2023 in Review

, By Ryan Kelly

As the year comes to a close, we’d like to take a moment to reflect on our accomplishments in 2023. Our work continued to advance water quality protections through strong advocacy with state-level decisionmakers, build towards a net-zero carbon emissions future, partner with communities to prepare for the effects of climate change, and defend critical environmental protections through our legal action. Here are just a few of the many accomplishments: 

  • Clean Wisconsin and our partners worked to secure strong bipartisan support for legislation that would create a new Transition to Grass program. The goal of this program is to help farmers convert land from traditional row cropping to managed grazing. This shift in land management will reduce nitrate contamination, sequester carbon, and improve water quality. 
  • Our advocacy helped secure $125 million in the state budget to fund communities and individuals impacted by PFAS contamination. PFAS or per- and polyfluoroalkyl substances are dangerous “forever chemicals,” known for their persistence and tendency to build up in the environment and human bodies over a lifetime. We will continue to advocate for limiting the use of these dangerous “forever chemicals” – an important step towards protecting Wisconsin’s public health. 
  • This year, we celebrated 10 years of a Greener Milwaukee in the 30th Street Industrial Corridor. To date, Clean Wisconsin has installed almost 5,000 square feet of rain gardens and over 800 rain barrels – capable of storing up to 70,000 gallons of water per storm. These practices are essential to reduce stormwater flooding, basement backups, prevent pollution in Lake Michigan, and protect our drinking water. Together with engaged community partners and Milwaukee Metropolitan Sewerage District, we are making Milwaukee more resilient to climate change and will look to expand this program to other vulnerable communities in Wisconsin.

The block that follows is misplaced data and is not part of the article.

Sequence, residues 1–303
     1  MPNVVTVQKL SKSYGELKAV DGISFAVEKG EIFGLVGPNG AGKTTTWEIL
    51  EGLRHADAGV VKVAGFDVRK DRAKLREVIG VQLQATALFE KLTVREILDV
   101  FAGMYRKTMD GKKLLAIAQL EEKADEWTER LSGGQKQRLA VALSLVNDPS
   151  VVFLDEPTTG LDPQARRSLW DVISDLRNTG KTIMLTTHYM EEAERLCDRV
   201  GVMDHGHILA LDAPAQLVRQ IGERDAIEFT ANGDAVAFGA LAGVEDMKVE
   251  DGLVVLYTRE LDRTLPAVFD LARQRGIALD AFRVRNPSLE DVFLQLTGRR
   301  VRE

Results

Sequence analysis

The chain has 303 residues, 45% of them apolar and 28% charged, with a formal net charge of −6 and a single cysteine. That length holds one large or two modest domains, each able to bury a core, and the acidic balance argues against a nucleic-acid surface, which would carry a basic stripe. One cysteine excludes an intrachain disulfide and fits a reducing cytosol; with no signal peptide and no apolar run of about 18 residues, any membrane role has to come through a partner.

• Earlier this year, Clean Wisconsin released an important study showing that solar panels generate 100 times more energy per acre than corn grown for ethanol. We know that Wisconsin needs about 280,000 acres of solar to reach our 2050 goals, while Wisconsin already dedicates approximately one million acres of land to produce corn-derived ethanol. Converting less than one-third of corn ethanol fields to a more efficient form of energy will allow us to meet our climate goals and reduce the need for pesticides and nitrogen fertilizer application resulting in cleaner drinking water and healthier soils. 
  • The Public Service Commission delivered an important victory for the future of rooftop solar when they agreed with Clean Wisconsin in early November, rejecting Alliant Energy’s proposal to change how customers are compensated for rooftop solar. The PSC agreed that rooftop solar is both working for customers and important to advancing Wisconsin’s 2050 net-zero goals. The PSC also agreed that Alliant Energy should investigate all federal funding opportunities to finance the early retirement of the Edgewater 5 coal plant instead of footing ratepayers with the bill. 
  • Clean Wisconsin recently convened Wisconsin Farmers, state agencies, and legislative staff at a farm in Spring Green to advocate for policies to strengthen the U.S. Farm Bill. By hosting events like these, we can highlight the value of federal conservation programs that support sustainable agricultural practices for decisionmakers, and endorse legislation that prioritizes water quality. 

As we look towards 2024, we are excited to continue and build upon these successes and so much more. Thank you for your continued support that makes our important work possible!